Google and the X Prize Foundation announce their partnership in sponsoring the Lunar X Prize.

Courtesy Google

According to its corporate mission statement, Google is a search engine company pursuing the lofty goal of organizing the world's information [source: Google]. It's famous for fostering innovation in computer programming. The Googleplex, Google's corporate headquarters, reflects the company's values by providing employees a technologically advanced workplace designed with collaboration in mind. And now, Google is expanding its presence beyond Earth itself: Google is going to the moon. To understand how and why Google is doing this, let's take a quick look at past explorations.

On Jan. 2, 1959, the Luna 1 spacecraft launched from the then-Soviet Union. It escaped Earth's gravity and passed by the moon. Along the way, it used several instruments to collect measurements on its journey. Among the data sent back to Earth was the revelation that the moon has no magnetic field. Luna 1's launch marked the beginning of mankind's attempts to study the moon through space travel.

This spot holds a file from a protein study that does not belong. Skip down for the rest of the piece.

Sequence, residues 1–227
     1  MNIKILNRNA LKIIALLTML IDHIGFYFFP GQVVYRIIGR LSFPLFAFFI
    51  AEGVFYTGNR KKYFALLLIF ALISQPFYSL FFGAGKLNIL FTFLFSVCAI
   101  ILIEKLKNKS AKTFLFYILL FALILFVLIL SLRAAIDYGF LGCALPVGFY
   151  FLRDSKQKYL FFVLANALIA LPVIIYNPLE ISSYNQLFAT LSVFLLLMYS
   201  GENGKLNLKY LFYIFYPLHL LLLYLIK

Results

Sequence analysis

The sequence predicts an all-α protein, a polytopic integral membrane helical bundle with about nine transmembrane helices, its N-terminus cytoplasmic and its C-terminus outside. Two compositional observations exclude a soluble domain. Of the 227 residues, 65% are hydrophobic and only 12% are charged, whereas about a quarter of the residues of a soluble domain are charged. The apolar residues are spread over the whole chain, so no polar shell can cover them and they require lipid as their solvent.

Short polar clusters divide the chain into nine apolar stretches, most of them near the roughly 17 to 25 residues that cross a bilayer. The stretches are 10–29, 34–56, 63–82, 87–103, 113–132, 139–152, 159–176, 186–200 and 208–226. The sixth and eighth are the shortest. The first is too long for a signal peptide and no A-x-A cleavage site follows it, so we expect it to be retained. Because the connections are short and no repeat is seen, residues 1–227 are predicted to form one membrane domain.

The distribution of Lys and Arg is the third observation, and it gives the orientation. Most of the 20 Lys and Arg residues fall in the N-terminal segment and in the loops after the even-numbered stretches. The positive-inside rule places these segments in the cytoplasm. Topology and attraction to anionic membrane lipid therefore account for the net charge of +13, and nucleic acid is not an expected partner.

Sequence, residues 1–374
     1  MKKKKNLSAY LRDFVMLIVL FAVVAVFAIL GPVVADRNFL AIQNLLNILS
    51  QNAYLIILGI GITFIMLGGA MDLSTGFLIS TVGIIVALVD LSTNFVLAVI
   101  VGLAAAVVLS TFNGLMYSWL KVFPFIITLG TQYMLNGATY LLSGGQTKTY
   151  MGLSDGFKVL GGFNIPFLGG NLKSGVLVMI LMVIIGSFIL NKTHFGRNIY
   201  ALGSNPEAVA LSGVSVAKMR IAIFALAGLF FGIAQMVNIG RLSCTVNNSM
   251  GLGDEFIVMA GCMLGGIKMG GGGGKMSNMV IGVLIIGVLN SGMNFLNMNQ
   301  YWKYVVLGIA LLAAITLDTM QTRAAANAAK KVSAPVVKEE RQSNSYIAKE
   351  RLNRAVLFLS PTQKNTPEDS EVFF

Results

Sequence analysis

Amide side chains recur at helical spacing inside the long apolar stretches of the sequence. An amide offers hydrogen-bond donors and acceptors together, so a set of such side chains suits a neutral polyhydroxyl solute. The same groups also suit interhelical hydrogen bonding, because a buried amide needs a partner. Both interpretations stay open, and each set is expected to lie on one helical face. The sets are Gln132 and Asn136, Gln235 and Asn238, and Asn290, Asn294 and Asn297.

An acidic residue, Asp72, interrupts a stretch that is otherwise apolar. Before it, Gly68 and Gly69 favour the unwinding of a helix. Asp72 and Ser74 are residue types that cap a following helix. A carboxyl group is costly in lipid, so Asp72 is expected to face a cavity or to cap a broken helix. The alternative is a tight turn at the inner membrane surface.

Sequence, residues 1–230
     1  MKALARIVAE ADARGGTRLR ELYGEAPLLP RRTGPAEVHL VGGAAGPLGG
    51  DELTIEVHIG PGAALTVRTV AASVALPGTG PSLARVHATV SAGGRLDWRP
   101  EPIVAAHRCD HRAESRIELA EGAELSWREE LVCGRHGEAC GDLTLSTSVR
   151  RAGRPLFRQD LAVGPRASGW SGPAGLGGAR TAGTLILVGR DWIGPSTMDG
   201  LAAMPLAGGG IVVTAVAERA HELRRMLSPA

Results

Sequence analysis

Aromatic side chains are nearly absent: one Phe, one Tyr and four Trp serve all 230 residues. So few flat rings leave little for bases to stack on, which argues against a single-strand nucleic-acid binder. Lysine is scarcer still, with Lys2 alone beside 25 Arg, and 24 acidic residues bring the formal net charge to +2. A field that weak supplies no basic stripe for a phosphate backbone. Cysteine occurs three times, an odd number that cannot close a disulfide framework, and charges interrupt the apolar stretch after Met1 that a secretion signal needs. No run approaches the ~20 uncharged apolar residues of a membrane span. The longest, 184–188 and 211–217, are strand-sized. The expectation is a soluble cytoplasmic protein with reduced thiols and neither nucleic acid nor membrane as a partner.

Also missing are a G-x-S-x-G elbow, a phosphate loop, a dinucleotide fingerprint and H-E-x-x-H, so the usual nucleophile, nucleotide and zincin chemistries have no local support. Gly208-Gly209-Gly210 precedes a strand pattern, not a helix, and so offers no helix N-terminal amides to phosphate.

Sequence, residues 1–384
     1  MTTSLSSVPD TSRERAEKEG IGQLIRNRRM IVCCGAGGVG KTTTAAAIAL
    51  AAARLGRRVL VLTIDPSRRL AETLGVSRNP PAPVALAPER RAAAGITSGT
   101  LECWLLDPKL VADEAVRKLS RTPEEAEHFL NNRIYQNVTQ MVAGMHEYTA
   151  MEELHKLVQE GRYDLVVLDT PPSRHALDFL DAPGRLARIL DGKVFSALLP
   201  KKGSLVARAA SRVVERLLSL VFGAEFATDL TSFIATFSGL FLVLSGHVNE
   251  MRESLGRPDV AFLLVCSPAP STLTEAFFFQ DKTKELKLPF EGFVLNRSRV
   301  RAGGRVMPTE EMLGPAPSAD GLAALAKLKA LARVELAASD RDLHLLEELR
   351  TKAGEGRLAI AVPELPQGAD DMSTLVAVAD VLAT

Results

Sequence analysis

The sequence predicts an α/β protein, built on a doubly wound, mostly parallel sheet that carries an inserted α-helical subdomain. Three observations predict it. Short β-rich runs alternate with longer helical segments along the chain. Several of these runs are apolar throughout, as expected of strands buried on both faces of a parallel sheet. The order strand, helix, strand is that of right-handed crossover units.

Ten years later, the Apollo 11 spacecraft touched down on the moon's surface. This marked the first time humans set foot on the moon. Astronauts Neil Armstrong and Buzz Aldrin explored the moon's surface, conducted experiments and collected samples of lunar material.

Over the next several decades, there would be more missions -- manned and unmanned -- to the moon. Gradually, people began to look beyond the moon to other bodies in our solar system. Interest in lunar exploration began to fade. But in 2006, NASA announced a new plan to send astronauts to the moon again by 2020 [source: NASA]. As a result, interest in the lunar landscape is on the rise.

This brings us to Google, a company that prides itself on being at the forefront of gathering and organizing information. Google is sponsoring a competition called the Lunar X Prize. The competition is open to privately funded groups. The groups are charged with a task that's easy to describe, but very hard to achieve. They must launch a vehicle that can journey to the moon, land safely on its surface and deploy a mobile robotic device. The winner could receive more than $20 million. Several teams have already joined the competition. The race is on!

How do teams qualify to enter the Lunar X Prize competition? Keep reading to find out.